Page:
• Post category:Court Cases

Burns (Re), 2019 NSSC 155

When does the emphasis of the bankruptcy system shift from debtor rehabilitation to creditor protection and system integrity?

The Debtor is 74 years old, sick and infirm, and a fourth-time bankrupt. His prior bankruptcies were in 1982, 2003, and 2008. The Debtor’s trustee sought to monitor his income for a total of three years (a period equal to that of a second time summary administration bankrupt with “surplus income” within the meaning of s. 68 of the Bankruptcy and Insolvency Act (the “BIA“)). The Debtor’s net income in 2017 and 2018 was around $36,000, respectively, and out of this income, $3,000 was paid into his estate.

Given the Debtor’s anticipated medical expenses and the status of various pension and income support programs that he participates in, his income for the foreseeable future will be below the Superintendent’s standards for “surplus income”. The Court had the discretion to deviate from the s. 68 standard that a bankrupt is ordinarily called upon to pay.

The Debtor’s stated reason for filing for a fourth bankruptcy was a “reduction in income due to retirement”. His $31,000 debt consisted almost entirely of a significantly “under water” car loan. The Debtor admitted that his prior bankruptcies also stemmed from him accumulating auto loan debt on successive vehicles until it became untenable, and then filing for bankruptcy. The Court held that the proximate cause of the Debtor’s 2016 filing was a failure to plan in respect of loans.

By the time that an individual has entered a third or subsequent bankruptcy, the purpose and intent of the BIA shifts from its remedial purpose of assisting well-intentioned but unfortunate debtors to one of protecting unsuspecting potential creditors. The best intentions and hopes of such bankrupts become subordinated to the need to protect others from the bankrupt’s demonstrated financial incompetence, negligence, and carelessness. To even consider a discharge for such bankrupts, a court must be satisfied that the bankrupt has gained sufficient insight and made sufficient changes such that it is not reasonably possible that further bankruptcy will occur. The BIA cannot be considered to bestow a license to incur debts and be purged of them at periodic intervals.

Mala fides, misconduct, or turpitude are all relevant in determining a proper disposition, but the lack of such elements does not, in and of itself, entitle a third or subsequent bankrupt to token or no conditions as a prerequisite to their discharge. When there is surplus income, a “3+” bankruptcy should generally have a longer period in which that surplus is paid into and for the benefit of the estate. Absent exigent circumstances, a 36-month insolvency period sends an incorrect message that a third or subsequent bankruptcy is “just like a second except that it has to go to Court”.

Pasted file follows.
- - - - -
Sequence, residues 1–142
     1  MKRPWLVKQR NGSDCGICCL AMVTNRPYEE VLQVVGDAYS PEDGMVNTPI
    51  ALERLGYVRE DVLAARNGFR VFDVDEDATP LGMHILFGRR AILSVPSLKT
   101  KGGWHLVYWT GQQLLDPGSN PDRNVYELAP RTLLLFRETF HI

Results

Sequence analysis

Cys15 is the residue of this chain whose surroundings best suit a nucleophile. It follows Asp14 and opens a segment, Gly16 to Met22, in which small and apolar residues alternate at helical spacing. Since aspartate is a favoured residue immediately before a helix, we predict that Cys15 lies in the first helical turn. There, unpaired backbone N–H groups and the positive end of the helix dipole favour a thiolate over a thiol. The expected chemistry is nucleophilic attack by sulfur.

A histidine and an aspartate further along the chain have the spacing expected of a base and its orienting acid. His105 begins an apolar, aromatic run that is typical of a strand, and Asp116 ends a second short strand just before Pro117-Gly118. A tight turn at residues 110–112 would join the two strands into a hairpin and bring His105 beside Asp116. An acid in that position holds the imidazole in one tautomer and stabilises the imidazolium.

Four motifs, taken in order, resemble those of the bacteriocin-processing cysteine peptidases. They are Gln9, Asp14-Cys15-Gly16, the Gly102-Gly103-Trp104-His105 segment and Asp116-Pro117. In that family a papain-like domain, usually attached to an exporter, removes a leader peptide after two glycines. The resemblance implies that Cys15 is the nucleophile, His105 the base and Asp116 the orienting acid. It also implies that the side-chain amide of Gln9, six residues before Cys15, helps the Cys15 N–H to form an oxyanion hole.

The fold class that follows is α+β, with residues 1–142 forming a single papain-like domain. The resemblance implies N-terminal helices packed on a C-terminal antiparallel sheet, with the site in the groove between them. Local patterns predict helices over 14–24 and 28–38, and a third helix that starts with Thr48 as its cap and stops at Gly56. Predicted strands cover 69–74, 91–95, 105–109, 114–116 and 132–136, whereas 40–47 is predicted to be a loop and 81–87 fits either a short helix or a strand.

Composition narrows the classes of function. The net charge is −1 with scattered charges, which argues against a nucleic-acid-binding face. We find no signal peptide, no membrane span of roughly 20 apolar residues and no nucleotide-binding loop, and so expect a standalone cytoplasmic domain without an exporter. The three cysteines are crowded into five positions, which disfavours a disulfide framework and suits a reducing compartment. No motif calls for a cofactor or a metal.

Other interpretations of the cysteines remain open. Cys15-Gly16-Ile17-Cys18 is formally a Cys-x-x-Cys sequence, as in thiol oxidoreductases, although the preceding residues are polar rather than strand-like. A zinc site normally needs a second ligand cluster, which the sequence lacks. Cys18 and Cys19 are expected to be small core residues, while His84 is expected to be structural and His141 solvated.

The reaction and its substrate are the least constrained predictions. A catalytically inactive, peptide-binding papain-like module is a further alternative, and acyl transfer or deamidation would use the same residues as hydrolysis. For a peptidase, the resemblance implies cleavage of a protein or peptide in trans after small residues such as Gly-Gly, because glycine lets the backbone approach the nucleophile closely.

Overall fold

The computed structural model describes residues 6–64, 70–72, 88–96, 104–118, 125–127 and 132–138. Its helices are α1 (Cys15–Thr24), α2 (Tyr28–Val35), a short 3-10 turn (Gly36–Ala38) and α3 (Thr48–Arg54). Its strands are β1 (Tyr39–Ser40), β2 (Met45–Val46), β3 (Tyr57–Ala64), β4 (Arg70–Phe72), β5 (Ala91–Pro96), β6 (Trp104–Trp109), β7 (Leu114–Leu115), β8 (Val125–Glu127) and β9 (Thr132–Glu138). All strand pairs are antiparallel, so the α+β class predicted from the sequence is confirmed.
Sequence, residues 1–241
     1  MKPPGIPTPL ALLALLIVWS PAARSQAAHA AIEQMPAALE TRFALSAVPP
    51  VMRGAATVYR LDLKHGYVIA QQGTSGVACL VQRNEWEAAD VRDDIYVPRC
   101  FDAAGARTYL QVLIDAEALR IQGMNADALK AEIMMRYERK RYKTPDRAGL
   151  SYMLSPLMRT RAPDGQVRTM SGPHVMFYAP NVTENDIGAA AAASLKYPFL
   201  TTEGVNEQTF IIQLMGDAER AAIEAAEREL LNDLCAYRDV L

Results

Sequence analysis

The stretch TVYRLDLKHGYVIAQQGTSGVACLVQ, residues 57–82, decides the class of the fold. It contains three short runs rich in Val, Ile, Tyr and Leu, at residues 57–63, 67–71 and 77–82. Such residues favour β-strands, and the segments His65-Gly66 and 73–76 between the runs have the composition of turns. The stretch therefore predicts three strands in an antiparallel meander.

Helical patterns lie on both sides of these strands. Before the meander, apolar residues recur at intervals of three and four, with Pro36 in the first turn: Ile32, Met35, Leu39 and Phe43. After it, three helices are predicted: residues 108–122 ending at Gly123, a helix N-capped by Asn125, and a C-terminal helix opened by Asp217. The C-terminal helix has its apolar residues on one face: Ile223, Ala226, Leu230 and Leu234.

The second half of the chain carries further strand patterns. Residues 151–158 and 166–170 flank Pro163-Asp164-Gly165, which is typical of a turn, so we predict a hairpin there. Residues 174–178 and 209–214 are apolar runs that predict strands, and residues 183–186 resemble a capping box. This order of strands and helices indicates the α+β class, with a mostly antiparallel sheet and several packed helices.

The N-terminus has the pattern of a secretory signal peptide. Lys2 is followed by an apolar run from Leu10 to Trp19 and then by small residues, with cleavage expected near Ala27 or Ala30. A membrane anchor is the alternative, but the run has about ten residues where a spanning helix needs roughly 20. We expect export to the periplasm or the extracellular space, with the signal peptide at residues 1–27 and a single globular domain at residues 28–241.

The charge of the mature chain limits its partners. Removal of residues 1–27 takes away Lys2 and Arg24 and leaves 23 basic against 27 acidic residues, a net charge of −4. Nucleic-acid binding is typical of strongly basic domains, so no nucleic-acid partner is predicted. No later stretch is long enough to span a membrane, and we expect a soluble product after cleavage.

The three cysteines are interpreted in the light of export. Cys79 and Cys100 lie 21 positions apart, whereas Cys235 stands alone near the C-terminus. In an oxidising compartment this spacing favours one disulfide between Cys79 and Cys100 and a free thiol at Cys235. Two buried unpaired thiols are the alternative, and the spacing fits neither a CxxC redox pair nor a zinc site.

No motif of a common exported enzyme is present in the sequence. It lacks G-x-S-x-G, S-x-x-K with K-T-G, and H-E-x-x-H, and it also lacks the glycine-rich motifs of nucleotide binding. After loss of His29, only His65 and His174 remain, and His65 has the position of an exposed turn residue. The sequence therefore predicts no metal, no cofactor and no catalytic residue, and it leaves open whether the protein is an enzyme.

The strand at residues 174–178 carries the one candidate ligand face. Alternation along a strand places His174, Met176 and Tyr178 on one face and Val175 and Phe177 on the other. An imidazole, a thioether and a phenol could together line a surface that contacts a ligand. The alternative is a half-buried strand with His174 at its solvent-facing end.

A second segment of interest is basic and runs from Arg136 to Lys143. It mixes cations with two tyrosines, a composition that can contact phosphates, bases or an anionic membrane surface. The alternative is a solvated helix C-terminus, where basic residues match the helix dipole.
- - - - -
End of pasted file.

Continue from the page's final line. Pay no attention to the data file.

It is incumbent upon a debtor to realize that it is more likely than not that one’s senior income, even without medical difficulties, will be lower than in one’s peak years. Age alone does not give the debtor a “free pass” from the BIA’s objects and principles. That said, even 3+ debtors have the right to get on with their lives after performing the duties imposed by the BIA and any such additional obligations as may be appropriate. The BIA is neither a penal statute nor a punitive one. It is a commercial regime that sets out a regulatory framework for the “orderly liquidation of a bankrupt’s estate and the distribution of the value of the assets of the estate to the bankrupt’s creditors”.

The Court found that it could not grant an absolute discharge in this case because it did not believe that the Debtor appreciated the seriousness of his multiple filings. A nominal suspension was likewise inappropriate. The Debtor demonstrated little to no insight into his harmful financial habits. His application for discharge was based on compassionate grounds alone. While the Debtor was not someone for the Court to “punish”, he was a person whose legitimate rehabilitative interests must be balanced against the legitimate interests of his current and unsuspecting potential creditors.

The Court held that in these specific circumstances, a standalone suspension was appropriate for two reasons:
  1. the Debtor’s stress and health risks could be alleviated, in the sense that most of his BIA obligations were at an end; and
  2. the Debtor would remain subject to his s. 199 obligation to disclose his undischarged status to unsuspecting potential creditors during the suspension period. Such status will also remain on his credit report, available to those making lawful inquiry of it.

The Court ordered that the Debtor’s discharge shall be suspended for a period of three years such that his exit from the bankruptcy process will be approximately five and a half years after his 2016 filing.

AppearancesJoe Wilkie, for the Trustee, MNP Ltd. and Henry Richard Burns, appearing personally.